If this outside themed space is anything to go by, you’d think that working at Rackspace’s office was a walk in the park! With head-height trees and faux grass floors, workers get a real sense of being outside, sitting below a glass atrium, with views of the skies above – without the risk of rain! Simply emulating outside spaces can have the same impact on wellbeing as actually being outside, so creating a space like this is a great way to design an office which doesn’t have an outdoor area. Here, staff can hold meetings on picnic-style benches in their very own indoor garden and maintain productivity whilst also boosting their wellbeing.
It was all about the outside for Manhattan Associates. With an external courtyard, central to their office layout, Manhattan Associates wanted to ensure their outside space was as much a part of their office design as the interior. As well as using similar finishes like wood flooring in both areas, trees and plants were used to furnish both the inside and outside, bringing the spaces together. Large floor to ceiling glass windows helped to connect the two areas. The large benches with angled edges were placed against the glass to create the illusion of one continuous table, creating a seamless connection from outside to in. Biophilic office design was central to the office’s design scheme, making use of natural timber finishes and photographic images of woodland scenes to create the illusion of being in the wilderness.
If you’re lucky enough to have a view like this on your doorstep, you don’t need much to enhance it! Simply planning your office design so that everyone can share the view, rather than reserving the best spot for the executive teams, will boost your overall office wellbeing. In this office design at FICO, the interiors were kept simple, using green carpet and full height glass windows to create the appearance of one continuous inside/outside space.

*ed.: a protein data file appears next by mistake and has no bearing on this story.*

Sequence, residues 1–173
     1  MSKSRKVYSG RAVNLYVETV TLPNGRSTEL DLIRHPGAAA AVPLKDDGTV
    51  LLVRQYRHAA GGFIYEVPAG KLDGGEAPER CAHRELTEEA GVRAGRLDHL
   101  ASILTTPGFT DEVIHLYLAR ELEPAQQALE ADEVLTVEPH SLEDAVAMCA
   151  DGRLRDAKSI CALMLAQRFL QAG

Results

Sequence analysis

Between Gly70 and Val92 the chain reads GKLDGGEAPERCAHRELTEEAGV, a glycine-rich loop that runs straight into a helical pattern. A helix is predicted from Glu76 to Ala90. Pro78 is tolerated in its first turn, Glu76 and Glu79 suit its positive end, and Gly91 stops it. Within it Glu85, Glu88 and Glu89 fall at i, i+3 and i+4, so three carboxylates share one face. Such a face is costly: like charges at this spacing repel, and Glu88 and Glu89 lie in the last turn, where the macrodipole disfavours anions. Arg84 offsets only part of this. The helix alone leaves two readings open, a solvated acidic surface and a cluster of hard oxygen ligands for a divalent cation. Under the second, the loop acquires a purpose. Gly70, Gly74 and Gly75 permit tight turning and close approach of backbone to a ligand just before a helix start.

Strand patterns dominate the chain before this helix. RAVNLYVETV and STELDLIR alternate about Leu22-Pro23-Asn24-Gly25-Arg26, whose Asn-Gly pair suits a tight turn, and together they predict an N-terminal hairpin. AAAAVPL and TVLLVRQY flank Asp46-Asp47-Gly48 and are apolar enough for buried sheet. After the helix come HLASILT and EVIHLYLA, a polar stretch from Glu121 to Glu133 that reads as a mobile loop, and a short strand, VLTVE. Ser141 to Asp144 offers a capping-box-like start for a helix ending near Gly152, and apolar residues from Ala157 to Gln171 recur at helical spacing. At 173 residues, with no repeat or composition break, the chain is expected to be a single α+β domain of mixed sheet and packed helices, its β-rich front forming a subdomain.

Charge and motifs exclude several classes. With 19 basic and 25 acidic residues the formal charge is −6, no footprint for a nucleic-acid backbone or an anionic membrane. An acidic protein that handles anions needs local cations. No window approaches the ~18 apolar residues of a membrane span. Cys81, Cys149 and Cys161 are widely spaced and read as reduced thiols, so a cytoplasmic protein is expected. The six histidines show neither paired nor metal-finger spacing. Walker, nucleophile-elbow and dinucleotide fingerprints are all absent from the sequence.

When chocolatiers Lindt and Sprungli said they wanted a people-centric office design, wellbeing was high on the agenda. Creating an outside theme in their interior spaces was one way that we helped them to achieve that, whilst providing a gentle nod to the natural origins of their product. Here, green carpet creates the illusion of grass and chocolate coloured seating pods are made to look like cocoa-beans. Office pot plants are dotted around the space and a large white planter is filled with shrubs to create a partition wall that helps to boost oxygen levels while enhancing the natural look. This is a great example of corporate branding and wellbeing elements harmonising in an office design.
For an organisation with health at its core, creating an office space that truly boosted employee wellbeing was a prime focus for their new fit out. Providing staff with an outside area where they could either work or take a break, gave staff an opportunity to get fresh air while providing an equally stimulating work environment. This courtyard in the 1980s office block was transformed with a central wooden pergola with plants meandering over it, with café-style seating as well as wooden benches. Photographic images of a woodland scene are used around the perimeter, which give the illusion of being surrounded by nature.